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I use the following code snippet to delete a parent Job record with child Design records.

 foreach (var item in data.Items.Where(i => i.DeletePending == true && i.ItemId > 0))
{
    var deljob = connect.job.Include(j => j.Design).Single(j => j.JobID == item.ItemId);
    foreach (var delDesign in deljob.Design.ToArray())   
    {
        // next line is needed or it fails
        connect.Entry(delDesign).State = EntityState.Deleted;
        deljob.xVivDesign.Remove(delDesign);
    }
    // no need to set the state here
    connect.job.Remove(deljob);
}

The error is

The relationship could not be changed because one or more of the foreign-key properties is non-nullable. When a change is made to a relationship, the related foreign-key property is set to a null value. If the foreign-key does not support null values, a new relationship must be defined, the foreign-key property must be assigned another non-null value, or the unrelated object must be deleted.

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2 Answers 2

It's telling you that there's a foreign key constraint that you would be violating by deleting that record.

If I have the following tables:

Customer

Id   | Name   | Age
---------------------
1    | Barry  | 52

Order

Id   | CustId   | OrderAmount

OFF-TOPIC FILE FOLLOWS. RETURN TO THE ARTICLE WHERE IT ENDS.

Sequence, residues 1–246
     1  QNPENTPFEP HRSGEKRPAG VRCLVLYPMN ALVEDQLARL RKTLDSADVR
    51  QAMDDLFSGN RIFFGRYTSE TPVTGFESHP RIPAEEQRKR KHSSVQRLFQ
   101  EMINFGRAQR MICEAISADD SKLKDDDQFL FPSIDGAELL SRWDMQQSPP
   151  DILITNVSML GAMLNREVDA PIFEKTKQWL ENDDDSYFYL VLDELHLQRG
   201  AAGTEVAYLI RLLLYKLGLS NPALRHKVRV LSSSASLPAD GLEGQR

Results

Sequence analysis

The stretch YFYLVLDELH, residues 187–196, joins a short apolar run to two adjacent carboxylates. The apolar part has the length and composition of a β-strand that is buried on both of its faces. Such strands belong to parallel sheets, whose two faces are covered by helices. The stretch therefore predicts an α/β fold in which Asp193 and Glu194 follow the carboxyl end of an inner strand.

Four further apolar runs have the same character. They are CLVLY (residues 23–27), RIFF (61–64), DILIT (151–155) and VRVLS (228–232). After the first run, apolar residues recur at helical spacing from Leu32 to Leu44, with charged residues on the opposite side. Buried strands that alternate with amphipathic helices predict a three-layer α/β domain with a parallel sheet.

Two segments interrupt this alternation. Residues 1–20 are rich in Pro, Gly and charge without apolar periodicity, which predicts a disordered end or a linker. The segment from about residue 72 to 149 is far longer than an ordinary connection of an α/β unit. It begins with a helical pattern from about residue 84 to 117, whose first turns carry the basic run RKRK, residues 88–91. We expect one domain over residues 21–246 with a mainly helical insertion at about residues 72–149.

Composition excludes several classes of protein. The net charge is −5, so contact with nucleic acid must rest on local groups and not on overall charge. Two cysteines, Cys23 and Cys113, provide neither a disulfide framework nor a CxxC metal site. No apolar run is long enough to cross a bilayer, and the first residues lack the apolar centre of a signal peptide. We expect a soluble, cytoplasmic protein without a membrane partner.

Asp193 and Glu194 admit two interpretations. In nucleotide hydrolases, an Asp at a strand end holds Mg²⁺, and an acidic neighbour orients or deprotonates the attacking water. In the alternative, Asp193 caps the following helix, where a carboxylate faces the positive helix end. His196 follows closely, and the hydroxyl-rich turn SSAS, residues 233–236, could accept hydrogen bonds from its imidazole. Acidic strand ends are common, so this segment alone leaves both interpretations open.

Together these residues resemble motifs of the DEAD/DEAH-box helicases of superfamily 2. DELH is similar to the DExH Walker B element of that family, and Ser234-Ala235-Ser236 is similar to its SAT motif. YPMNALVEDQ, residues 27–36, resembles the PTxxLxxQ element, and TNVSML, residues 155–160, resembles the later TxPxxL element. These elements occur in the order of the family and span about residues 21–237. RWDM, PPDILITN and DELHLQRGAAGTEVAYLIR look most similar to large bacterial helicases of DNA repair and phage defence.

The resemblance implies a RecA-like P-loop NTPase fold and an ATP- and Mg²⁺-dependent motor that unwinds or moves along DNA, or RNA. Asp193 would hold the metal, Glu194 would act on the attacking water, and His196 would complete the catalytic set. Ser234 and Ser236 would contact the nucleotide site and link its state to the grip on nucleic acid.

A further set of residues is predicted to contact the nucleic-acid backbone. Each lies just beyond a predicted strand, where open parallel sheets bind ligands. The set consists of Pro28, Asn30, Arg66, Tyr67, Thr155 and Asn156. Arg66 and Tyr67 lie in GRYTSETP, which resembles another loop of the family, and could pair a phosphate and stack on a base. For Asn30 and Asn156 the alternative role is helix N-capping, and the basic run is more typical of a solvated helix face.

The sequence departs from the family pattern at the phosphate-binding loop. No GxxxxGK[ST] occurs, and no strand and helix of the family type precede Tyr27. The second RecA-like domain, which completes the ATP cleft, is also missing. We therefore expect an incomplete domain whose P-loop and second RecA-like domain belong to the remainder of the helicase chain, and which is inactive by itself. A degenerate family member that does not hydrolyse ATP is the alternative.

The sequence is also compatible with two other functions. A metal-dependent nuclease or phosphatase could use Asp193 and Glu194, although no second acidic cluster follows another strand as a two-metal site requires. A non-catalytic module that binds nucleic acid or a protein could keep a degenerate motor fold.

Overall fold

------------------------------
1    |   1      | 27.39

For this example, Order has a foreign key constraint on Order.CustId = Customer.id, I would not be able to delete Barry from my Customer table, unless I first deleted all references of Barry in the Order table because of the foreign key constraint (Anything in Order with a custId of 1)

As the error message explains,

When a change is made to a relationship, the related foreign-key property is set to a null value.

By deleting Barry from Customer, you no longer have a record of Customer with an ID of 1. This will violate the constraint, as it would try to set a non-nullable integer (userId in Order) to a null value.

I would suggest looking at Foreign Key Constraints

Assuming there are no other keys tied to the job you are trying to delete, you could delete the job entry after deleting all the design records associated with that job. Only do that if you are 100% confident that you will never need the design records again.

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thanks @silencedmessage. My confusuion was that I thought I was deleting the design records before the job record. However removing from the collection is not the same as removing from the database. –  kirsten g Aug 21 at 23:58
    
Duely noted. Guess I jumped the gun a little. Thanks for the feedback. –  silencedmessage Aug 21 at 23:59
up vote 1 down vote accepted

The problem was that I was removing the Design from the Job's collection of designs. Instead I should have been removing the design from the Entity Set

Thus the answer was to use

connect.design.Remove(delDesign)
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